Office for Supported Research Groups
In addition to research centers and research institutes, the Eötvös Loránd Research Network includes more than 100 independent research groups operating in universities and other public institutions. These groups can receive funding for their research in the form of grants that Supported Research Groups or Lendület Research Groups can apply for. Their leaders are university and public institution employees, and their members are researchers employed by ELKH. From an administrative point of view, the groups are operated by the Office for Supported Research Groups (TKI).
The research groups belonging to TKI carry out their research in various fields of mathematics and natural sciences, life sciences and social sciences and the humanities. They provide an organic link between ELKH and major Hungarian research universities, thus laying the foundations for high-level partnerships of excellence.
The research carried out in the groups contributes significantly to Hungarian scientific output. Due to its many practical applications, this can also be used to the benefit of society. Research by several life sciences groups is contributing, for example, to the conservation of biodiversity, the development of region-wide reconstruction programs, and improvements in public health. In addition to successful basic research activities, the research carried out here in the field of natural sciences also helps solve many practical issues, including the lateral stability of self-driving vehicles, water management issues at Lake Balaton, and the development of new composite materials.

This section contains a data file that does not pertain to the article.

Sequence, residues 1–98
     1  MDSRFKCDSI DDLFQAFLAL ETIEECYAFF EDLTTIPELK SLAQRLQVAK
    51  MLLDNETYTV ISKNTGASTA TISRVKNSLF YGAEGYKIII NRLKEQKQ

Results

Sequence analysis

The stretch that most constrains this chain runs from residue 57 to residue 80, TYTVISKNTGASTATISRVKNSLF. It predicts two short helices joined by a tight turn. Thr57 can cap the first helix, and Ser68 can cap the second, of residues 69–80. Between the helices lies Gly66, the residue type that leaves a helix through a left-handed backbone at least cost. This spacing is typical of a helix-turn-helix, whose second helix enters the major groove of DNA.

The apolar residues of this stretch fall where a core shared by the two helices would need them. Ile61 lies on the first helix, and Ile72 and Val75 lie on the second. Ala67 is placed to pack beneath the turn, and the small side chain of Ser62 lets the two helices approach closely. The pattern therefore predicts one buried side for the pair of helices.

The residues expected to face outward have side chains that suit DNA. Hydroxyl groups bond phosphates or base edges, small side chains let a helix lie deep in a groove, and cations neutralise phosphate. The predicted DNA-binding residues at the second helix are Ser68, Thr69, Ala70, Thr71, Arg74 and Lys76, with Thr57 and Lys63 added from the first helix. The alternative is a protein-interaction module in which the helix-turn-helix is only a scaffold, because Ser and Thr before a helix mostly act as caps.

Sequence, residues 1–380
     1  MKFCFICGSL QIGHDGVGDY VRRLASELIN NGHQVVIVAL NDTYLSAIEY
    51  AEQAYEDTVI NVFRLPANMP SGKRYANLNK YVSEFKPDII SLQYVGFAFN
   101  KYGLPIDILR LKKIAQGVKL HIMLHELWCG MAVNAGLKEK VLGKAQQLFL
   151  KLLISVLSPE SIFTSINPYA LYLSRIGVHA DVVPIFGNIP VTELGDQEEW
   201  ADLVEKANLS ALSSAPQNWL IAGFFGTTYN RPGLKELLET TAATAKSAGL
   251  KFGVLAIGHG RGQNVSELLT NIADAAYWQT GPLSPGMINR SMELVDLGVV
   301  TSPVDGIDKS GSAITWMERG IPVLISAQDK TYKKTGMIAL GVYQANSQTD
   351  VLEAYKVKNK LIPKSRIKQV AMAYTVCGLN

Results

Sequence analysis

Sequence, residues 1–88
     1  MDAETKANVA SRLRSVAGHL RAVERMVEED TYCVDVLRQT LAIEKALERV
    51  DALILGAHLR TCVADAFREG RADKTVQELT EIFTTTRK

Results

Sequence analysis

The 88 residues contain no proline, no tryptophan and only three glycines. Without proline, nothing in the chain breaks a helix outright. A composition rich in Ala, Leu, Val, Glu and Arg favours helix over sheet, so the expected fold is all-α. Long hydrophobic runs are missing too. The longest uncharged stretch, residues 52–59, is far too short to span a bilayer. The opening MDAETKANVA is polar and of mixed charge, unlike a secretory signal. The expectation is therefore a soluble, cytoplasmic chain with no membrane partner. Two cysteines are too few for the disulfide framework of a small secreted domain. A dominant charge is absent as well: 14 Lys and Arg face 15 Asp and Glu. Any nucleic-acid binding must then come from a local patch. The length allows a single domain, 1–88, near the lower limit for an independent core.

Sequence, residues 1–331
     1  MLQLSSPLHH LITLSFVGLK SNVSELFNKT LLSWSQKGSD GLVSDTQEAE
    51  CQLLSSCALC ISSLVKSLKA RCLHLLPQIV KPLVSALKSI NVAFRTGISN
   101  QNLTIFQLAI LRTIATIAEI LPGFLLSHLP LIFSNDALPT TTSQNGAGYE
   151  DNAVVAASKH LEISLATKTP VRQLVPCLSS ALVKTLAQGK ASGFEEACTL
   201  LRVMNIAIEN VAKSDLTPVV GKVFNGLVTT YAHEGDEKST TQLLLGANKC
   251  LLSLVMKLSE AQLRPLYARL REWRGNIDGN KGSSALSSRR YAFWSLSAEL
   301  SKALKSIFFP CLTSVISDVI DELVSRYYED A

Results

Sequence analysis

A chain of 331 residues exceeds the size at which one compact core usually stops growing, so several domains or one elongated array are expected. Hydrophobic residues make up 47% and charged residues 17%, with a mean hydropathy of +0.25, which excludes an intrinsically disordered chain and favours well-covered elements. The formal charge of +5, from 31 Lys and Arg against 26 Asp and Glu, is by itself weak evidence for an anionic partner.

Several groups are carrying out essential research in the field of Hungarian history and language. It is worth highlighting the work associated with language technology and the publication of archives from the Anjou and the Sigismund eras, which can be regarded as valuable scientific work. In addition, studies are undertaken into many other popular and important social science issues, such as social and generational differences in behaviors detrimental to public health.